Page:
Oct. 12, 2017
Government Lacks Probable Cause to Request Identities of Facebook Users
Public Citizen Represents Facebook Users Seeking to Intervene in Court Case
WASHINGTON, D.C. – The government has not established a compelling reason to enforce a search warrant demanding the identification of thousands of anonymous Internet users who “liked” an inauguration protest page or “friended” the media contacts for the group, Public Citizen told a court late Wednesday.
Public Citizen filed a motion (PDF) to intervene on behalf of three anonymous Does who were Facebook friends with either of the media contacts, Lacy MacAuley or Legba Carrefour; who sent messages to their accounts or “liked” any of the content on their timelines; or who “liked” the Facebook page of DisruptJ20, a coalition planning protests for President Donald Trump’s inauguration. The motion will be argued at 2:15 p.m. EDT on Friday.
The U.S. Department of Justice filed the search warrant as part of a criminal prosecution against the 230 people arrested during the counter-inaugural actions on Jan. 20. Facebook is resisting the warrant. Through the motion to intervene, Public Citizen is asking the judge to allow the individuals whose rights are at risk to be heard in the proceeding.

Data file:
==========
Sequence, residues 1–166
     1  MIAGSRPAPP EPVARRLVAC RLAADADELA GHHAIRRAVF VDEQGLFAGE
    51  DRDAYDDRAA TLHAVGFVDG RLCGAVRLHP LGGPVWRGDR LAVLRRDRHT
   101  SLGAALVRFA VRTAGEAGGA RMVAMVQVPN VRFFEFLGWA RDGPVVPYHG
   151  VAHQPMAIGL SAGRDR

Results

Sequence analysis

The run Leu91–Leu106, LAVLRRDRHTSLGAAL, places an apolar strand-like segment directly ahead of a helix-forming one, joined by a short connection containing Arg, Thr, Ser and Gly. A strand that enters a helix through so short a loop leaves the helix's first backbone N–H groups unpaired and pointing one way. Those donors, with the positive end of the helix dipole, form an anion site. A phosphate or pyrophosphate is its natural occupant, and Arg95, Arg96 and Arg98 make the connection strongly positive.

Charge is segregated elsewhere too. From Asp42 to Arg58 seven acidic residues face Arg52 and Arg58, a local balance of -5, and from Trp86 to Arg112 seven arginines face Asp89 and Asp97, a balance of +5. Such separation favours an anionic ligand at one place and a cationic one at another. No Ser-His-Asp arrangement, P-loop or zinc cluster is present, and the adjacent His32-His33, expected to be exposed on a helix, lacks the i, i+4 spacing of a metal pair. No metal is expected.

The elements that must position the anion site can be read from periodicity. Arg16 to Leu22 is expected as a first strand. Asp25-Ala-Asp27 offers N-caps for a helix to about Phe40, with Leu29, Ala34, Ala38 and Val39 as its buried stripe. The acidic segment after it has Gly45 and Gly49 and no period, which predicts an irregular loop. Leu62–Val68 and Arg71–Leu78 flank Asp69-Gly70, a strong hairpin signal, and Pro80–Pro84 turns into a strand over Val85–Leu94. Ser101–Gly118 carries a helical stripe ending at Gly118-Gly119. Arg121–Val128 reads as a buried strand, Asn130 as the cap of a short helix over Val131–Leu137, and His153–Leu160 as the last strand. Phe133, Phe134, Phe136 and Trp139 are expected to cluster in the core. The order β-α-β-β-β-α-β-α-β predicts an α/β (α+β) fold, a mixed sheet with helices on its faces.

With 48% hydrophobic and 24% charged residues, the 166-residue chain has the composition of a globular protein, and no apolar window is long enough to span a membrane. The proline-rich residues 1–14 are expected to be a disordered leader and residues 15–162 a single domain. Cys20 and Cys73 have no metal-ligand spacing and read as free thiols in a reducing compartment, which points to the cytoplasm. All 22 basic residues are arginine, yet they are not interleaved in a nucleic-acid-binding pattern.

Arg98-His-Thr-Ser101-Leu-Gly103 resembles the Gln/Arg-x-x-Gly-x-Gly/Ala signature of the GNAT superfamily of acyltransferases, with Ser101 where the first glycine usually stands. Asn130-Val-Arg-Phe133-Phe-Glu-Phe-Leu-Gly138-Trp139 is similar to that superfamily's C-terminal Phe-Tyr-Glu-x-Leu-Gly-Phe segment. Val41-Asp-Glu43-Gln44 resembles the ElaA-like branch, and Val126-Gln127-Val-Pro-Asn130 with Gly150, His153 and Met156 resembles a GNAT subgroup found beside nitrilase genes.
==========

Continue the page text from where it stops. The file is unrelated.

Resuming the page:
The Does’ brief asks Chief Judge Robert Morin of the Superior Court of the District of Columbia to protect their First Amendment right to speak and read anonymously, especially against a government that is “increasingly hostile to dissent,” the motion states.
Moreover, Facebook has given notice only to the account holders named in the government’s search warrant, but not to the thousands of other account holders whose anonymity is at risk, the motion states. The Does have asked the judge to ensure that such notice is given to all those whose anonymity is threatened, so that they can seek court protection against government snooping into their political associations and expression.
Public Citizen also represented anonymous visitors to the DisruptJ20 website who were subject to a similar search warrant.
“Once again, the government is taking advantage of the misconduct of a small number of protestors to try to snoop into the identities of thousands of innocent people who did nothing more than connect to Internet sites that opposed Trump’s inauguration,” said Paul Alan Levy, the Public Citizen attorney representing the Does. “We hope that Judge Morin will have even less patience with these efforts than he displayed in regard to the search warrant served on DreamHost.”